Bianca Jones Marlin is a neuroscientist and postdoctoral researcher at Columbia University. She holds a PhD in neuroscience from New York University, and dual bachelor degrees from St. John’s University, in biology and adolescent education.
As a graduate student, with Dr. Robert Froemke, Dr. Marlin examined how the brain adapts to care for a newborn and how a baby’s cry can control adult behavior. Her research focused on the vital bond between parent and child, and studied the use of neurochemicals, such as the “love drug” oxytocin, as a treatment to strengthen fragile and broken parent-child relationships.
Dr. Marlin is currently a postdoctoral fellow in the laboratory of Nobel Laureate Dr. Richard Axel, where she investigates transgenerational epigenetic inheritance, or how traumatic experiences in parents affect the brain structure of their offspring.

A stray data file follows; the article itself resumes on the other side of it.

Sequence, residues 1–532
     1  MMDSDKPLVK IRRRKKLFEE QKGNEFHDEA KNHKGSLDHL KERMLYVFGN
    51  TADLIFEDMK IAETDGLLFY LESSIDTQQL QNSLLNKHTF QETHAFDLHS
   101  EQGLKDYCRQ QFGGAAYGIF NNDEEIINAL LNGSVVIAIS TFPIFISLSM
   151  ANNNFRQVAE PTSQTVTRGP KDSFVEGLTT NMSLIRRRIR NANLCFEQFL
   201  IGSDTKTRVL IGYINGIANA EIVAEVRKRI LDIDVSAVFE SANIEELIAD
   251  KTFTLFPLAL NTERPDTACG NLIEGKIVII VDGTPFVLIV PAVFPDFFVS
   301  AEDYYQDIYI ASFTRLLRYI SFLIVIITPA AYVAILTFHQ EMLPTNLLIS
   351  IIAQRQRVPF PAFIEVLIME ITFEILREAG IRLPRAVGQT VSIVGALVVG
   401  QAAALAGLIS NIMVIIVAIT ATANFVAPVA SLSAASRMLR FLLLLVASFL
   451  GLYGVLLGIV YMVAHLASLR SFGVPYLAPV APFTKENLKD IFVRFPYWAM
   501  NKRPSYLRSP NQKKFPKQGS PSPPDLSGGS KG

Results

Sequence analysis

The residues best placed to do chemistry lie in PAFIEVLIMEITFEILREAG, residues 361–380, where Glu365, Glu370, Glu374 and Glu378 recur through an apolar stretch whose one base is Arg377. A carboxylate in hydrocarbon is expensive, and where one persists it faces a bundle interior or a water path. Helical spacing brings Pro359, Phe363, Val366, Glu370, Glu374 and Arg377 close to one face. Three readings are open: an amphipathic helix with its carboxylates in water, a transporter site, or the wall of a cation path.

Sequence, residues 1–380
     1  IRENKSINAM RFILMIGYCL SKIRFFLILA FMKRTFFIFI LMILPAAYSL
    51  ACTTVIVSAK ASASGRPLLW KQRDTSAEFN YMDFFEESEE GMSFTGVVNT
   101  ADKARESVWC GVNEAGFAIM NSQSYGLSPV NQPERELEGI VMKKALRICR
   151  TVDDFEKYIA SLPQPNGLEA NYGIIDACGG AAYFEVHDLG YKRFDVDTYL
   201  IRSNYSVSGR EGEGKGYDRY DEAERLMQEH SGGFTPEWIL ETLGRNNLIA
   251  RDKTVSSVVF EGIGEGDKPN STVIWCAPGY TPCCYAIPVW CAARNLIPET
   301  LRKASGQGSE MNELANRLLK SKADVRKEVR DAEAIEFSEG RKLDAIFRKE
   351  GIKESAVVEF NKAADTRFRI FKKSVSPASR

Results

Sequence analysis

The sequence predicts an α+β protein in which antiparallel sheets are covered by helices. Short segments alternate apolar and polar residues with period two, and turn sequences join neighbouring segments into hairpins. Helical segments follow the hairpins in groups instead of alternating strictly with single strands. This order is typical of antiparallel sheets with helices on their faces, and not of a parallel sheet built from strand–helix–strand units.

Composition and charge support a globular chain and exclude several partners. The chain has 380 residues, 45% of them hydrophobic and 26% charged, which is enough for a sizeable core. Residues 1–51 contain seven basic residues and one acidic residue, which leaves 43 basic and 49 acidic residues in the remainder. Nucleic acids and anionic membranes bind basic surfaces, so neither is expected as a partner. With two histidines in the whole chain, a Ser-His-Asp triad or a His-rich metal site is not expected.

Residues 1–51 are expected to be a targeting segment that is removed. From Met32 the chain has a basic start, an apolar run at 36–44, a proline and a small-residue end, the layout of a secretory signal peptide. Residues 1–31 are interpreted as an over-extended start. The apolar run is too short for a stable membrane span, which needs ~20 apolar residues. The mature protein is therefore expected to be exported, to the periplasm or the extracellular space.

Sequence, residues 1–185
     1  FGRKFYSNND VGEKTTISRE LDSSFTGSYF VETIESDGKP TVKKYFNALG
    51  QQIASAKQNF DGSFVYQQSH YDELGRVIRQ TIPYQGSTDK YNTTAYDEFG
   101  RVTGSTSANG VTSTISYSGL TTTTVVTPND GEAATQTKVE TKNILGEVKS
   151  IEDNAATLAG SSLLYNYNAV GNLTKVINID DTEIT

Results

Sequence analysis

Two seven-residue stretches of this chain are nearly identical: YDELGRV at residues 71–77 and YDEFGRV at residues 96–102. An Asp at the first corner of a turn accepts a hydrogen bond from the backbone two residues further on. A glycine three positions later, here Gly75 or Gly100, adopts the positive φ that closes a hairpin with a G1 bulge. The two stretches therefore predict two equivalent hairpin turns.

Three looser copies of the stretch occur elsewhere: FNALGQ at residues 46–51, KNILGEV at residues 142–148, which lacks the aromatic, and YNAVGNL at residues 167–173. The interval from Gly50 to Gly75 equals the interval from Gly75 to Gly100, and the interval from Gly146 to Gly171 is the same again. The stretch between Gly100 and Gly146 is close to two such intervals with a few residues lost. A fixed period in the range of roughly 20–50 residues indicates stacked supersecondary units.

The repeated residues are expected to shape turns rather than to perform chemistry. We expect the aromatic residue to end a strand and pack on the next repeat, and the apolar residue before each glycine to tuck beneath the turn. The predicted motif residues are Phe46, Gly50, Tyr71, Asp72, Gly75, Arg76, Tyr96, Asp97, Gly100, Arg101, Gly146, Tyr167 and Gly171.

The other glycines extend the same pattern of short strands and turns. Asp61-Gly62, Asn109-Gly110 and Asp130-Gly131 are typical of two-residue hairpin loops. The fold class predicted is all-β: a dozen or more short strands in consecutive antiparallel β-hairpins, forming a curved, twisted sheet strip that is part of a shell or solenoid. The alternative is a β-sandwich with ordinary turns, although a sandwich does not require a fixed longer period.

Her research has been featured in Los Angeles Times, The Guardian, Scientific America and Discover Magazine’s “100 Top Stories of 2015.” She is the recipient of the 2016 Society for Neuroscience Donald B. Lindsley Award, which recognizes the most outstanding PhD thesis in the general area of behavioral neuroscience and was named a STAT Wunderkind in 2017. She is currently a Junior Fellow in the prestigious Simons Society of Fellows.
Dr. Marlin aims to utilize neurobiology and the science of learning to better inform both the scientific and educational community on how positive experiences dictate brain health, academic performance, and social wellbeing.